A woman is dead after an “apparent grizzly bear encounter” near Yellowstone National Park, leading park officials to close the surrounding area to other hikers, according to a statement from the Montana Department of Fish, Wildlife and Parks.
Though the department’s statement said the death appeared to have followed the woman’s interaction with the bear, it did not confirm her cause of death.
Park officials noted that grizzly bear tracks were found at the scene, but the investigation into the woman’s death is ongoing.
The woman was found Saturday morning on the Buttermilk Trail near West Yellowstone, a Montana town nestled in the Custer Gallatin National Forest just west of Yellowstone National Park. Park officials have issued an emergency closure of the Buttermilk area “for human safety.”
The attack comes amid a rise in Montana’s grizzly bear population and an increase in sightings in recent years.
The department put out a news release last week warning visitors that staff had confirmed grizzly bear sightings throughout the state, “particularly in areas between the Northern Continental Divide and the Great Yellowstone ecosystems.”
They implored those camping and visiting parks to carry bear spray, store their food while outside and tend to their garbage.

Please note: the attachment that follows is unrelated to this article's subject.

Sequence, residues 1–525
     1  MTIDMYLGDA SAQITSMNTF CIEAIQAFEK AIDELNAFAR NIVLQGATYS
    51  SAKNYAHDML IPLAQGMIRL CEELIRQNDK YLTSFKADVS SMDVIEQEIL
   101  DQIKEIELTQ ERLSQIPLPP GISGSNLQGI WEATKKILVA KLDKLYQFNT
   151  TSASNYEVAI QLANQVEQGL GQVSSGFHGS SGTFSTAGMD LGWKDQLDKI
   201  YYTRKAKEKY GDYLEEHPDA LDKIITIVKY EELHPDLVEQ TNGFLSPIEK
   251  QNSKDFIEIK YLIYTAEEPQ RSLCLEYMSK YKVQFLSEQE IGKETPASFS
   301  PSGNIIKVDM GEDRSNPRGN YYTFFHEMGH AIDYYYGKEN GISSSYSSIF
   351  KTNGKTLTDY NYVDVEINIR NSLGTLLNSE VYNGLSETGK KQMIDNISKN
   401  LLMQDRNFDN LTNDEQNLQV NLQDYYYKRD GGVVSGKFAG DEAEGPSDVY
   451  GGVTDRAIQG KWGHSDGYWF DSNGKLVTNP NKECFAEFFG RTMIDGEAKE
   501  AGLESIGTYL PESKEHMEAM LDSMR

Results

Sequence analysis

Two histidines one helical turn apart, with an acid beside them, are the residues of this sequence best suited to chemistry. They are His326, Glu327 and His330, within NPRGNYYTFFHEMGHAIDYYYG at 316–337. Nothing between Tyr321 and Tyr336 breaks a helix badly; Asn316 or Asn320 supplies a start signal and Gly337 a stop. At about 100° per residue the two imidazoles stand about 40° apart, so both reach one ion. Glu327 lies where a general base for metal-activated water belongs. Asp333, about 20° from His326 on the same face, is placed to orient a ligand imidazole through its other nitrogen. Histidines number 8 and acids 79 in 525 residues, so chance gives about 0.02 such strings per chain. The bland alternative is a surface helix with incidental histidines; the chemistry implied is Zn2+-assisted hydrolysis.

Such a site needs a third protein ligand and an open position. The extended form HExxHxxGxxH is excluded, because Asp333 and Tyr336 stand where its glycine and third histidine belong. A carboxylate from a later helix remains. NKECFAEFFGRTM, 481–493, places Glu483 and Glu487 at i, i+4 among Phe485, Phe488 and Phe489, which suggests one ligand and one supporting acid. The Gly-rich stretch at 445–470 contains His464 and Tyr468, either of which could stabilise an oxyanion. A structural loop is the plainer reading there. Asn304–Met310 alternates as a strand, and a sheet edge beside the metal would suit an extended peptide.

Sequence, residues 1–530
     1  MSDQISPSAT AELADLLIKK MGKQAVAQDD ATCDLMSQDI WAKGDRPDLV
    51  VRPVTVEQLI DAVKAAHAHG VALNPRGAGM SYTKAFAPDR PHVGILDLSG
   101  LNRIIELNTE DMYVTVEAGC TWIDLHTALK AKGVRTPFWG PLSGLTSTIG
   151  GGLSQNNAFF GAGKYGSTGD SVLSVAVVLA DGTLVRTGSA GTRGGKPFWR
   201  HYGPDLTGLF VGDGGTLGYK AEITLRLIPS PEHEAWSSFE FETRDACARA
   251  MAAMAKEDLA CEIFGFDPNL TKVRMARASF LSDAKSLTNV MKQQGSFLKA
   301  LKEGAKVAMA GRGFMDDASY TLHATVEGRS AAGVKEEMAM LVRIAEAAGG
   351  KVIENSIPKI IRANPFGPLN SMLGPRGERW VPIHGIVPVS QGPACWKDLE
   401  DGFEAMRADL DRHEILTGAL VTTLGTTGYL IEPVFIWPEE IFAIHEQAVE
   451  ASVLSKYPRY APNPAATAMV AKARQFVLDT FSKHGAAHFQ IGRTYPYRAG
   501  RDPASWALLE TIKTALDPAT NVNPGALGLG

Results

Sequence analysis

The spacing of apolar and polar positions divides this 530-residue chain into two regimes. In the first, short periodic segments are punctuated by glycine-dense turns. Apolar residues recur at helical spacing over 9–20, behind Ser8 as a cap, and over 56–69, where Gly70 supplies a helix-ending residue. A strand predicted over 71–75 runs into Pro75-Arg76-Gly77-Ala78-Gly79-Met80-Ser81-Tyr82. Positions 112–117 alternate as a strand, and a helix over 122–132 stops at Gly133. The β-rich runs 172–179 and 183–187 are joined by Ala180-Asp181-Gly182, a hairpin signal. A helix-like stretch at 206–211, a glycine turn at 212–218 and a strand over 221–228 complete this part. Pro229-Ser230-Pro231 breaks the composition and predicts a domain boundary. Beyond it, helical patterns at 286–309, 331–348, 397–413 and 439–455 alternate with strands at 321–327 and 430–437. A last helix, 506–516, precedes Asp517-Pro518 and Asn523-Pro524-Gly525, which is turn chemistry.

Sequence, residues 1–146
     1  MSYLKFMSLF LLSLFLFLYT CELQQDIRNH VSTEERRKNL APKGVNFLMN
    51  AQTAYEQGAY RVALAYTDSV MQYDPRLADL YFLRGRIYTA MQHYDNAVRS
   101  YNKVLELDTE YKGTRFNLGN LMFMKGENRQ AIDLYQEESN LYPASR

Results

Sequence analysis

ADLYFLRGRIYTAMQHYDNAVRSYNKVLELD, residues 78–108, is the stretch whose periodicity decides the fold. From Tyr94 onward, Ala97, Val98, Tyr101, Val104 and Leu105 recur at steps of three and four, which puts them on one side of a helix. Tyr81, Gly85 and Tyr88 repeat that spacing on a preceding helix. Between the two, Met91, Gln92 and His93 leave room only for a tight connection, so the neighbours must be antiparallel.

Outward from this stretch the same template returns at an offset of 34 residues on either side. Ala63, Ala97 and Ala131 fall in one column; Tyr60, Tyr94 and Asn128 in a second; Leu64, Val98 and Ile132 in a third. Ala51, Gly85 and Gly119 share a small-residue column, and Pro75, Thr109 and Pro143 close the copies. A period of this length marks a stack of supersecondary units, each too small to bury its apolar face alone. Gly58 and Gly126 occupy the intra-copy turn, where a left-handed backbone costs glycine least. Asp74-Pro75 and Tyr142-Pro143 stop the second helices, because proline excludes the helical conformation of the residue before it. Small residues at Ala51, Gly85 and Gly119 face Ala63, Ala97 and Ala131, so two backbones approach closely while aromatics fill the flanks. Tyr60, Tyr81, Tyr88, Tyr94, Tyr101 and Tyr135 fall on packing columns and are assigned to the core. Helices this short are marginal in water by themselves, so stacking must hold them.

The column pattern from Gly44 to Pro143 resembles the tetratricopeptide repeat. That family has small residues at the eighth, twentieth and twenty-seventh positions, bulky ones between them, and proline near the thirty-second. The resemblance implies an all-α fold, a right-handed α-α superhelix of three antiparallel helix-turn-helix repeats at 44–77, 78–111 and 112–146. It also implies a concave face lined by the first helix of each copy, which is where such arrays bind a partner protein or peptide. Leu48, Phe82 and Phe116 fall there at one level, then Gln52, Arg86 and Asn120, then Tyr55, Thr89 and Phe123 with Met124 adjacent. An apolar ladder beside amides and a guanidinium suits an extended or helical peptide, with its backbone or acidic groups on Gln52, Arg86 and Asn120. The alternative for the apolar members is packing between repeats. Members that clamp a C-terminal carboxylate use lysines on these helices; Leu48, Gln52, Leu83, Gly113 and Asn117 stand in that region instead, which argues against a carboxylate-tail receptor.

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After the discovery of the deceased woman on Saturday, officials are reminding parkgoers to travel in groups and not to approach bears.
Visitors can look out for signs of bears such as scat, diggings, torn-up logs and turned-over rocks, and partly consumed animal carcasses. Park officials also advise making noise while hiking to alert bears to one’s presence, especially near streams or in thick patches of forest where hearing and visibility are limited.
Just last week, Yellowstone National Park made headlines after a woman was gored by a bison while walking through a field near Lake Yellowstone. She was airlifted to a hospital with serious injuries, including 7 spine fractures and bilateral collapsed lungs.
A month prior, park officials had to remind visitors yet again to keep their distance from wildlife after someone grabbed an elk calf, put it in their car and drove it to a nearby police station. The calf ran off into the forest after it was transported and its condition is unknown. Park officials warn that wildlife can sometimes reject their young if they come in contact with people.
— With files from The Associated Press